When a guest arrives at your establishment they should feel welcome. A pleasant greeting, 'good morning' or 'good afternoon' with a smile, the opening of a car door, the opening of the establishment's door, the offer of assistance with luggage or simply direction to the front desk can make the guest feel welcome from the moment they arrive.
Different establishments will have different enterprise standards as to how a guest is to be greeted. It could be that the establishment requires all guests to be addressed as 'Sir' or 'Madam' or 'Mam' unless the guest's name is known. Establishments may have a policy that guests should not be addressed by their given (first) name regardless of how often they stay with you. If the guest is a regular visitor to the establishment, checking the arrivals list will identify that they are staying with you again. If you are able to recognise the guest immediately it will make the guest feel very welcome when you greet them by name.
If the establishment has a doorperson, and / or concierge and porters one of these staff would be required to greet guests and assist them to the front desk. The concierge may have asked the guest's name before they reach the front desk for check-in and they will advise the receptionist of the guest's name. For example, "Mr. Godfrey will be checking in Susan (the receptionist), I will arrange for a porter to take Mr. Godfrey's luggage to the room." The receptionist would be alert to this cue and would take over from there.
In a very large accommodation establishment with a central business district location it would not be unusual to have a check-in and check out of a full house in the course of one day, particularly a Monday. The establishment may have been filled with tour groups over the weekend, which would leave on the Monday morning. The establishment could then fill with business travellers. Reception staff could be extremely busy with a number of things happening all at once.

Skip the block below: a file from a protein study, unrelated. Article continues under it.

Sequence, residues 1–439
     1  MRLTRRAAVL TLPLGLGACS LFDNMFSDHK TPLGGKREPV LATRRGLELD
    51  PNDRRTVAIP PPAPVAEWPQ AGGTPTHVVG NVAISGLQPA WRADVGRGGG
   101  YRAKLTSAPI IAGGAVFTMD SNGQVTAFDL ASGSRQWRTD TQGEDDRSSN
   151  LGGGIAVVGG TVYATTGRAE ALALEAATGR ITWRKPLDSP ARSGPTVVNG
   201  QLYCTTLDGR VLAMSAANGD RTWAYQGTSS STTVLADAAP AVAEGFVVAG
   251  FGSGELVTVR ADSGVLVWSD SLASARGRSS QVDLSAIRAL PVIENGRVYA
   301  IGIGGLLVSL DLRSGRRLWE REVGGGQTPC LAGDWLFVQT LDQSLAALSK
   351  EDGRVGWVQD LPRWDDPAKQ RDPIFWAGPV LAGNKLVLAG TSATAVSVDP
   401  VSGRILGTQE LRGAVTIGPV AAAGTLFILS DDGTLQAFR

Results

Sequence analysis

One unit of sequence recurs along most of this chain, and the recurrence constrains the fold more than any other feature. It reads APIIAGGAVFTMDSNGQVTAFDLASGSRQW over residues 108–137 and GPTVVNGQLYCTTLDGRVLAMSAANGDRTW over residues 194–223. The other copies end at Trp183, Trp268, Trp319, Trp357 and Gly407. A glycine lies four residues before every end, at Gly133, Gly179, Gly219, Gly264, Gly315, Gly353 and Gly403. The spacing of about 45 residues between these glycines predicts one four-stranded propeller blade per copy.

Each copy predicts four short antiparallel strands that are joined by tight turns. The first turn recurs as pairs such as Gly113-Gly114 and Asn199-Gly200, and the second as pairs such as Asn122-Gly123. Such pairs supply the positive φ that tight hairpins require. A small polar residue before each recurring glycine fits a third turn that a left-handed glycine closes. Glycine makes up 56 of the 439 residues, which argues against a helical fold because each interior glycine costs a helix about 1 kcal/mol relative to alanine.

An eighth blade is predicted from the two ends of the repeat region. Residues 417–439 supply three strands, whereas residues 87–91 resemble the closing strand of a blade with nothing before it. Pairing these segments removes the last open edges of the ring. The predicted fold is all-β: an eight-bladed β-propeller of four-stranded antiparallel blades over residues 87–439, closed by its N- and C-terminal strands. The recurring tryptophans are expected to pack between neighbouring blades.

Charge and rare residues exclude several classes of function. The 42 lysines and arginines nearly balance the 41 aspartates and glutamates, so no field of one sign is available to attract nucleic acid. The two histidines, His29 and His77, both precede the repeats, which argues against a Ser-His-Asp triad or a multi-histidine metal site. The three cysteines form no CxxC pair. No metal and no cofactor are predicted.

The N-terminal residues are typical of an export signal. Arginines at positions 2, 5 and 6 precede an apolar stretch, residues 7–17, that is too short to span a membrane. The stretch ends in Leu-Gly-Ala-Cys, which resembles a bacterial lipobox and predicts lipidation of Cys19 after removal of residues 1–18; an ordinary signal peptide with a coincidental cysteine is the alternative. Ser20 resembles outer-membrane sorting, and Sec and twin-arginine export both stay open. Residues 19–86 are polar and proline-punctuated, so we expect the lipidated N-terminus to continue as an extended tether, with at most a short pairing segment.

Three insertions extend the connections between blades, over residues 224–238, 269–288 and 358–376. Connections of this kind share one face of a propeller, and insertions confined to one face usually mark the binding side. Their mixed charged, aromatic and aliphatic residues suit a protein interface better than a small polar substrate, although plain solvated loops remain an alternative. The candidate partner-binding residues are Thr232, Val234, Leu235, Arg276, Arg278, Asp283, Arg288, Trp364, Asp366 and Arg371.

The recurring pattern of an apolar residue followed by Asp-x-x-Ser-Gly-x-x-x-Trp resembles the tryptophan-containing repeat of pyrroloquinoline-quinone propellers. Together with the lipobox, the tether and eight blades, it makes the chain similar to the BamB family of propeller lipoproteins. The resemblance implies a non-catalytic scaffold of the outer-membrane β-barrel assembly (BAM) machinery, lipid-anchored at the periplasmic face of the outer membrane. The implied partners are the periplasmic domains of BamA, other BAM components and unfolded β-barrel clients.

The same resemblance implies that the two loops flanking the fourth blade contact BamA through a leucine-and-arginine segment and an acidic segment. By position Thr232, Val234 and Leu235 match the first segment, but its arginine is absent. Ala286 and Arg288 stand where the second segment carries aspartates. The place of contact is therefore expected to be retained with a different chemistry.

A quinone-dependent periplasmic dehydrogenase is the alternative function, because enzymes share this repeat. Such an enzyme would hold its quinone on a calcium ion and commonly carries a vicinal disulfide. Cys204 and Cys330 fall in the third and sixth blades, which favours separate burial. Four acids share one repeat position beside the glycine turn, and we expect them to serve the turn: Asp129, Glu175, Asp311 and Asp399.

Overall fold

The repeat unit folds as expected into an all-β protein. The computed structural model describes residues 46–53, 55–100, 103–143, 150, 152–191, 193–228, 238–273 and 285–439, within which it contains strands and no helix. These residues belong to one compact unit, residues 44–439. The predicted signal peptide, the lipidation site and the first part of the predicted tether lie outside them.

In a smaller establishment there may be less staff to carry out the many tasks. The pressures on staff whilst different to a large establishment may none the less make it difficult for staff to always appear friendly and able to provide the service a guest expects.
How do you make sure each guest who checks in to the establishment, large or small, feels welcome?
Apart from the standard greetings, reception staff need to greet guests as individuals. You need to be perceptive to the mood of (aware of, conscious of, tuned in) each guest, you may notice the guest seems very tired or possibly irritated. International guests often seem disorientated because they having been flying for sometimes up to eighteen hours. The reservation can 'tell' you a great deal about the guest if you consider the information carefully. With the E.T.A, a flight number and arrival time may be included. This could give you a hint that the guest has come in on an international flight, which may have very long or even delayed. The guest's address may indicate that they are from interstate.
Special information may have been provided to the reservation clerk at the time of the booking being made and this could have been recorded on the reservation. An example could be that it is the guests' Wedding Anniversary.
There is a very fine line between being personable (friendly, courteous) and personal (overly familiar, disrespectful) with guests. It is important that whilst you personalise the conversation with a guest you do not become too familiar. If you recognise that a guest seems irritated and tired then perhaps less conversation and a speedy check in is what the guest would most like.
Using common sense and empathy when dealing with guests and with colleagues as well, will stand you in good stead in most instances.